On the Sunday before Christmas, many of us are in a hurry. Last minute gift buying. Parties. And of course football. In the week to come we food addicts will face a number of potential threats to our abstinence. Even if we are not religious, many of these threats and triggers will be present for us:
- Celebratory meals: Christmas dinner, out with friends, whatever, especially ones with specialty items we used to look forward to all year.
- Shopping: We don’t know what to get our assistant, so we go to the local chocolatier or liquor store to get something genial that everyone likes…but that we like too much.
- Parties: Office parties, open houses thrown by friends, and our own shindigs have one thing in common. There’s always a ton of food and booze, and it’s usually a prime grazing opportunity.
- Goodies brought in by coworkers, vendors, clients, etc: The print vendor sends their annual basket of sweets and carbs, or maybe it’s a medical supplier, or, if you teach, it’s parents. If you work in an office, or your spouse does, you’ll likely be faced with open boxes of delectables that you really want to eat but really really don’t want to eat.
- Stocking stuffers: Your kids want to share a chocolate Santa or two with you. Or, gee, you’re giving them your favorite candy. And, that advent calendar with the pop-out chocolates needs attending to….
- Holiday food and beverage gifts: Uncle Jedediah gave you another bottle of Baileys? Auntie Shinnelle signed you up for the cake-of-the-month club? At least they mean well.
- Family: Nothing triggers us like family. They know how to push our buttons because they put the buttons there in the first place.
- Old eating/drinking buddies: Seeing old school pals over the holiday? And being around them reminds you of all the times you went to the diner or the bar in your hometown?
- Memories of holidays when we ate compulsively: Why limit ourselves to feeling threatened by this year’s holiday when we can hammer ourselves with guilt over all the other holidays where we ate without our permission.
- Cooking: Whether we’re trigger by the pressure of getting a meal out on time, of a million people in the kitchen with us, or we just find ourselves suddenly drawn to the beaters of a mixer, a spoon laden with stuff, or a piece of what we’re cooking that no one will ever miss.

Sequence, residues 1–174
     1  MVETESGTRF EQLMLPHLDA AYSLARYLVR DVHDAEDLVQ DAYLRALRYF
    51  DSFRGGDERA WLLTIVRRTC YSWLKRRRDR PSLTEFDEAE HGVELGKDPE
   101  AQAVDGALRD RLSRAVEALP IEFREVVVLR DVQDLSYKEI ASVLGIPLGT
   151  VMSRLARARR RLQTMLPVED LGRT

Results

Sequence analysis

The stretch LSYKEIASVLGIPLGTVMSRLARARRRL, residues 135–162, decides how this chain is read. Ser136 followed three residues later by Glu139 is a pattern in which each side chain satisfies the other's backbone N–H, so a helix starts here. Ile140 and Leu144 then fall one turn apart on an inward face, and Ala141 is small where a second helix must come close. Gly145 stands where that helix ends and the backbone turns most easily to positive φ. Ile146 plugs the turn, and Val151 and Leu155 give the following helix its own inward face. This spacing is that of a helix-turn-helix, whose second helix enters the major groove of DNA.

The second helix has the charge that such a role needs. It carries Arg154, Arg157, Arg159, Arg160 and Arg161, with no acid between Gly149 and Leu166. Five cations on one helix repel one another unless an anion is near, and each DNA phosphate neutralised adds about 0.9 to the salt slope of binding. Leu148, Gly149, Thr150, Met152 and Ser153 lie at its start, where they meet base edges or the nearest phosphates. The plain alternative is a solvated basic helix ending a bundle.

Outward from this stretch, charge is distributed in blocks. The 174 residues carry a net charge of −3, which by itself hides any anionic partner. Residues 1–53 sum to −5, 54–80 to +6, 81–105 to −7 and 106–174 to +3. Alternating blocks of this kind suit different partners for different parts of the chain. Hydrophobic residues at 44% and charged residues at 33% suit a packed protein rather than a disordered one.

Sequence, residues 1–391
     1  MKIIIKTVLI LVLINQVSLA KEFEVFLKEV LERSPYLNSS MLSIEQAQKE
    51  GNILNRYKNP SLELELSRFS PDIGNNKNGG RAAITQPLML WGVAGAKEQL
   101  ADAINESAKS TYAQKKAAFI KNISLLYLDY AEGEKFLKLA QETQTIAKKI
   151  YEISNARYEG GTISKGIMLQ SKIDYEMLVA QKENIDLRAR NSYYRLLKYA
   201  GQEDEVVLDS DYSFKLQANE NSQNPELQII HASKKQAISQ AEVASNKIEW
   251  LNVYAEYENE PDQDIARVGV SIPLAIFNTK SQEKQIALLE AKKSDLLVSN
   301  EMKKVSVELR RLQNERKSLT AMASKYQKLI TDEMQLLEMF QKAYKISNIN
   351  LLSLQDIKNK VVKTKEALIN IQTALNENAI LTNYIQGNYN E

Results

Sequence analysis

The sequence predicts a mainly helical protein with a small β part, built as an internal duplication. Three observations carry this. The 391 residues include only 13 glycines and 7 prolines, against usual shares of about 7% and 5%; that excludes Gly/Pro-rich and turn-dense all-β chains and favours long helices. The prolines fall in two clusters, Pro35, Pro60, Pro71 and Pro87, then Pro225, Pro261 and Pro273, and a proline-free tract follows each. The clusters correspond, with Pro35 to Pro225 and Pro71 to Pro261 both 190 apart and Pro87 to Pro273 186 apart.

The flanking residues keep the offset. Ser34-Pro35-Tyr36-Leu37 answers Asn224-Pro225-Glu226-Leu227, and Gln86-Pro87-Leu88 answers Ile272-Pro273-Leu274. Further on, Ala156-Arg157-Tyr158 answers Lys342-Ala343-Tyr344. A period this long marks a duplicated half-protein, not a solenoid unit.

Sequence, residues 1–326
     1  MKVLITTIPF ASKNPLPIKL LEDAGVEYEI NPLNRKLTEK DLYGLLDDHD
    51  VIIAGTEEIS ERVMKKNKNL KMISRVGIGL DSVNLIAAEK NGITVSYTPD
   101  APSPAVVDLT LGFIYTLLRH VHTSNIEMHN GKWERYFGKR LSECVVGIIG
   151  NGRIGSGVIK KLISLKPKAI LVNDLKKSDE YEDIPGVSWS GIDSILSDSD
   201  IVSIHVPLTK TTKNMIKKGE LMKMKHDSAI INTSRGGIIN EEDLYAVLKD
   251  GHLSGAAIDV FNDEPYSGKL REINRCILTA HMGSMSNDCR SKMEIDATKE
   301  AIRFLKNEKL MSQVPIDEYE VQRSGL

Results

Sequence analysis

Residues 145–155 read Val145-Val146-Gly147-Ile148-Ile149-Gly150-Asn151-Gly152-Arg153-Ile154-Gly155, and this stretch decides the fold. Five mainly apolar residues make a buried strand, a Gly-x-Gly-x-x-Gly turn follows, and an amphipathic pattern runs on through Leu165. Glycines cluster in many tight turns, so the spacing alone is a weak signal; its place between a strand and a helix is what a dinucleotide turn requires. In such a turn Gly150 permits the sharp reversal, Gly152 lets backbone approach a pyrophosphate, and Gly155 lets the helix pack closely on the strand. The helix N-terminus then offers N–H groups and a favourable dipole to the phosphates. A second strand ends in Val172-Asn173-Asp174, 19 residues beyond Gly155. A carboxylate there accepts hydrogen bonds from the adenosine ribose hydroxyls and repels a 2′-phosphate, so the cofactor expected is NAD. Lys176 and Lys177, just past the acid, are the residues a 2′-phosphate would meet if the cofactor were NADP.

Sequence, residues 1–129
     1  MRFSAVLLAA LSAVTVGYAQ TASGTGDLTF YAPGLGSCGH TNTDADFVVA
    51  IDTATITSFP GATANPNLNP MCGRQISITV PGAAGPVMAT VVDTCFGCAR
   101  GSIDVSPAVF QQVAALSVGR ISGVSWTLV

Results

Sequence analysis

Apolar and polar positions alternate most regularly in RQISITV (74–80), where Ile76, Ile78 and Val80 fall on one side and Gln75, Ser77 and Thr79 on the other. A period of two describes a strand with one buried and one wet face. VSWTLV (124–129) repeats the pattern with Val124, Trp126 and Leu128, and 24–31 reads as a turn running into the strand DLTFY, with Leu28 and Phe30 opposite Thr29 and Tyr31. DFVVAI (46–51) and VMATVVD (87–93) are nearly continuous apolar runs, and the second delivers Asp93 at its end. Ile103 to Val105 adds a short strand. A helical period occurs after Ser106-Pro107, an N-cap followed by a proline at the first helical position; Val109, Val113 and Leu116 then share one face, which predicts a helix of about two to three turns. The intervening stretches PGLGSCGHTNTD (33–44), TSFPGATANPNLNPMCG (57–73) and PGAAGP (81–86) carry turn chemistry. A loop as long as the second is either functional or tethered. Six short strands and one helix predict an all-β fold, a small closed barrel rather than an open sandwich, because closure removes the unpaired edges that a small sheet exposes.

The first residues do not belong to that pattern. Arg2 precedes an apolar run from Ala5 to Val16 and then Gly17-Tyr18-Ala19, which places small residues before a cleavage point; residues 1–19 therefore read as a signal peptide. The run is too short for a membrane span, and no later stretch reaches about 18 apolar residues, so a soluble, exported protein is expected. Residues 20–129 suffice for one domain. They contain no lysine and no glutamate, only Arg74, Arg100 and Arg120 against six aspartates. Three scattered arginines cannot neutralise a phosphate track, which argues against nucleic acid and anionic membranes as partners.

- Smells: You’re at the mall shopping and you walk within 100 feet of some cart roasting this holiday treat or that. These smells can be powerful triggers. We can almost taste them.
- Feelings: Of any sort, but especially ones that lead toward self-pity.
These and many other people, places, and things may call to us this coming week. What do we do about it? For one, we don’t ignore those thoughts or dismiss them. They are a danger to us. We must acknowledge them and deal with them appropriately. In the midst of all the hoohah, what do we do?
Why, we use the Steps and Tools of OA, of course!
If we have established a relationship with a Higher Power, we find a way to quickly remove ourselves from the triggering situation. Maybe feigning a pee break? We use that time to reach out to our Higher Power and ask that he/she/it/they relieve us of the obsession and give us the willingness and strength to stay away from the food. If we feel fear, we can use the fear prayer in the Big Book:
God, please remove my fear and direct my attention to what You would have me be.
If we are still new in OA and haven’t yet made spiritual contact with our Higher Power, then we can use OA’s tools. Most convenient is the telephone. We can call or text an OA pal to bring the power of the fellowship to our situation. We can excuse ourselves and quickly read a piece of OA literature we’ve brought with us just for this reason. If a meeting is available to us, online or in person, perhaps we can attend it. We can use any of the Tools we want, but we must them if they are to work for us.
But what might be most important to us in the next week is simply having a plan. If we just blithely hope for the best, we are liable to be caught off guard and highly susceptible to the first bite. So we think through what tough situations are likely to occur, and we talk to our sponsor to make a plan for dealing with them. Don’t have a sponsor? Talk to an OA friend about it. But do get a sponsor!
No matter what, however, we can take a good piece of advice from the Big Book. Wherever we go or do in the next week, we can try to bring a good time to those around us instead of sitting hangdog wishing we could chow with impunity. Because we can’t, so we might as well bring some of the joy, love, and peace that the holiday season is supposed to be about.